In addition, this death sentence is an act of justified vengeance upon those making tribulation on us.  It is payment in kind.  Unless the Tibetan shepherd has made tribulation on us, it would be so unjust to kill him eternally in retribution.

We have come out with the idea of “community responsibility” to help explain away what would otherwise be considered an injustice, but it hasn’t helped.  Why?  Because that is man’s reasoning, not God’s.

It would therefore appear that this text is referring to a subset of humanity, not all the billions who currently walk the earth.

Matthew 25:31-46

This is the parable of the sheep and the goats.  Since only two groups are mentioned, it is easy to assume this is talking about everyone alive on earth at Armageddon.  However, that may be looking at the problem simplistically.

Consider, the parable is of a shepherd separating his flock.  Why would Jesus use this analogy if he were wanting to explain something about the judgment on the whole world?  Are the Hindus, Shintos, Buddhists or Muslims, his flock?

In the parable, the goats are condemned to everlasting destruction because they failed to offer any succor to ‘the least of Jesus’ brothers’.

(Matthew 25:46) . . .And these will depart into everlasting cutting-off, but the righteous ones into everlasting life.”

Initially, he condemns them for failing to come to his aid, but they counter with the objection that they never saw him in need, implying that his judgment is unjust because it requires something of them they were never given the opportunity to provide.  He counters with the idea that his brothers’ need was his need.  A valid counter as long as they cannot come back to him and say the same about his brothers. What if they never saw any of them in need?  Could he still justly hold them responsible for not helping out?  Of course not.  So we return to our Tibetan shepherd who’s never even seen one of Jesus’ brothers in his life.  Should he die eternally—no hope of a resurrection—because he happened to be born in the wrong place?  From a human point of view, we’d have to consider him an acceptable loss—collateral damage, if you will.  But Jehovah isn’t limited in power as we are.  His mercies are over all his works. (Ps 145:9)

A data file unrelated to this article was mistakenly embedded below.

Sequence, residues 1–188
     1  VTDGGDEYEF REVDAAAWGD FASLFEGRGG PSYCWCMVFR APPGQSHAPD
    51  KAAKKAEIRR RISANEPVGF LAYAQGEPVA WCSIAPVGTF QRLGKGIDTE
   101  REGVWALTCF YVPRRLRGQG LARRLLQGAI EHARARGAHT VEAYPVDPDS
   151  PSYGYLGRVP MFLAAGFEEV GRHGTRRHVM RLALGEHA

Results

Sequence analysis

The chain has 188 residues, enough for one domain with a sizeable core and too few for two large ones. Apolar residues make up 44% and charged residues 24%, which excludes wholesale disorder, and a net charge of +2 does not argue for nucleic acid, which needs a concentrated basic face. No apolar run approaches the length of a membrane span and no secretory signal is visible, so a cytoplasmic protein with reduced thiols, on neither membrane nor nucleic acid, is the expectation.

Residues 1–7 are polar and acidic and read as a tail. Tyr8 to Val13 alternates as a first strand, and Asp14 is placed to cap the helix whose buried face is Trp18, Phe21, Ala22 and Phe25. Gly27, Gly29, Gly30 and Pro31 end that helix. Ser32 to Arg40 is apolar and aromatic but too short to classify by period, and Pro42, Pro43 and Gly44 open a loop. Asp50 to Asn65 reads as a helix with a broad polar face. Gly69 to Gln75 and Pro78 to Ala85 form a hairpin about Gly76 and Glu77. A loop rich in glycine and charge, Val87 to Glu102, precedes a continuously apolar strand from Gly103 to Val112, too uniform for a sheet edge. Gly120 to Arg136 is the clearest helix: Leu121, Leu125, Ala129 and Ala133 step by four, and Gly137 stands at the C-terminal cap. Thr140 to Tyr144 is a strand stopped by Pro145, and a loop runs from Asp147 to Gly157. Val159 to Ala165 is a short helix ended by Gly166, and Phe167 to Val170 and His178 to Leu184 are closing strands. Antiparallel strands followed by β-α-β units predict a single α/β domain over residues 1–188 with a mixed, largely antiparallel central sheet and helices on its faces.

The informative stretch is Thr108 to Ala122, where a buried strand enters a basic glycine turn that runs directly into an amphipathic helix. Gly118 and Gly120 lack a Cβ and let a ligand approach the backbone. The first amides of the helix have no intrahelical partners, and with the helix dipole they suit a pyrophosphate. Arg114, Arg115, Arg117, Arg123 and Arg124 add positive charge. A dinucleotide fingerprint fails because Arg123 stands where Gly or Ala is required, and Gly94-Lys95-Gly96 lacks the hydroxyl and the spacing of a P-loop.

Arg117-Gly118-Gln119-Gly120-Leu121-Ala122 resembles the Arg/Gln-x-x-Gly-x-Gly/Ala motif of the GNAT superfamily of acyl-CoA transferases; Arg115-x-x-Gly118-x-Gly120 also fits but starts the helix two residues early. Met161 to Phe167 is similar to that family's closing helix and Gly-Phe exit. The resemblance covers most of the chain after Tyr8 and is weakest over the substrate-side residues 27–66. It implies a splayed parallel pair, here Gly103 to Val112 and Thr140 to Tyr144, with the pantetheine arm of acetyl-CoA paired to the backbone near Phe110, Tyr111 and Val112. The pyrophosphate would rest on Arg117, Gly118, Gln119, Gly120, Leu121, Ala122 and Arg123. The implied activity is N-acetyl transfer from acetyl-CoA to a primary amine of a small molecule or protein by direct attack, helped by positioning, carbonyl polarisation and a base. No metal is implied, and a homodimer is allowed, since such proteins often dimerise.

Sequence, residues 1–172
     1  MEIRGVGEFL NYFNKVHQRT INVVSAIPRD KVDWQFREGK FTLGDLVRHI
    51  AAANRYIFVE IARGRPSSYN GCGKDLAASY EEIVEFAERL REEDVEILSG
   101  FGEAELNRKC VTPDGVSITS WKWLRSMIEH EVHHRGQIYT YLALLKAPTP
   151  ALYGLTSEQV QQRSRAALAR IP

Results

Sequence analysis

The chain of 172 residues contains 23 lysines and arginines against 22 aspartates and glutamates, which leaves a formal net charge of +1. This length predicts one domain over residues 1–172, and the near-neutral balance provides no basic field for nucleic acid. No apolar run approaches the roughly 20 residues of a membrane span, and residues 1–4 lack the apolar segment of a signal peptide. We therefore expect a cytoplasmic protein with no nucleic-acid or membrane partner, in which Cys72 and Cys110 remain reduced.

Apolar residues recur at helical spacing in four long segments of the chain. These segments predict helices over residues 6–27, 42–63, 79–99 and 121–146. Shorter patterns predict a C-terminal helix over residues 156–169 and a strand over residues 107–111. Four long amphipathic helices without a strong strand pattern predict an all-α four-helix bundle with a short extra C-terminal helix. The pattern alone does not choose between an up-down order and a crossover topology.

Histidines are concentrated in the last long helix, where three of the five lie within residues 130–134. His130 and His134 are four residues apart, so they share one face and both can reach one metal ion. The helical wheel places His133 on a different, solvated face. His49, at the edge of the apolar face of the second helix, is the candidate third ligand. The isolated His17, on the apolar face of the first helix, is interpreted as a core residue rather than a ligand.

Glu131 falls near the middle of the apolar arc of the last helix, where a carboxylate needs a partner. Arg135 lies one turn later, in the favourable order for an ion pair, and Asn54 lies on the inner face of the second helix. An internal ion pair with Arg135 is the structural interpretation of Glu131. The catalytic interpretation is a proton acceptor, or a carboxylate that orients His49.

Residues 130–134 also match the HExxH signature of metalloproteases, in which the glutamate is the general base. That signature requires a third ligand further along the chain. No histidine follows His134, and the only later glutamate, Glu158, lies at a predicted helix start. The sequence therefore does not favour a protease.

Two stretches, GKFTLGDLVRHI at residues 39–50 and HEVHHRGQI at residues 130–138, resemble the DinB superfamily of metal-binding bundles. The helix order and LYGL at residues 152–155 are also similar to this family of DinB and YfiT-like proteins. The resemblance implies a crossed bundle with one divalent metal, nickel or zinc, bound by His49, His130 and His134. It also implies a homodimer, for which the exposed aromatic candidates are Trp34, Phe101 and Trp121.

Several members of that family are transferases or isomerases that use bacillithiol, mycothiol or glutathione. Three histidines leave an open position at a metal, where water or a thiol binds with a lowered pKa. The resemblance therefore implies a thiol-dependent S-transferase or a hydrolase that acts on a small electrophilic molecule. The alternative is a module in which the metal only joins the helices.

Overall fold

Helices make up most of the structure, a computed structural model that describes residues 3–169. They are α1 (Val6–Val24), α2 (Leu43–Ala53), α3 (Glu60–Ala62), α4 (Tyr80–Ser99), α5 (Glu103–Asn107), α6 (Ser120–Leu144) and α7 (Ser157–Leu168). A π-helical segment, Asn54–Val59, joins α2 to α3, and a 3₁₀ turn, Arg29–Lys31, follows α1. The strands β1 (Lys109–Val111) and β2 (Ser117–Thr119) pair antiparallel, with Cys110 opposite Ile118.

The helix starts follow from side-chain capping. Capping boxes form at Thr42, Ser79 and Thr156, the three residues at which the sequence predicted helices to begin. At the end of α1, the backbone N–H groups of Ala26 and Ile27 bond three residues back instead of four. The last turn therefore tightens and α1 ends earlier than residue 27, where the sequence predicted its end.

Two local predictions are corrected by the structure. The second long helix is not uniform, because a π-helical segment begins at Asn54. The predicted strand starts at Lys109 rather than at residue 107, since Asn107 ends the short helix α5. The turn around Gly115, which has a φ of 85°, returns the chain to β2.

There is one other thing about the parable of the sheep and goats. When does it apply?  We say just before Armageddon. Perhaps that is true. But we also understand there is a thousand-year-long day of judgment.  Jesus is the judge of that day.  Is he referring to Judgment Day in his parable or to a period of time just prior to Armageddon?

Things are not clear enough for us to get all dogmatic about this.  One would think that if eternal destruction were the result of dying at  Armageddon, the Bible would have been clear about that.  It is a matter of life and death, after all; so why leave us in the dark about it?

Will the unrighteous die at Armageddon?  Yes, the Bible is clear on that.  Will the righteous survive?  Again, yes, because the Bible is clear on that too.  Will there be a resurrection of the unrighteous?  Yes, the Bible clearly says so.  Will those killed at Armageddon be part of that resurrection?  Here, the Scriptures are unclear.  This must be so for a reason.  Something to do with human frailty I would imagine, but that’s only a guess.

In short, let’s just worry about getting the preaching work done and caring for the spirituality of those near and dear and not pretend to know about things Jehovah has kept in his own jurisdiction.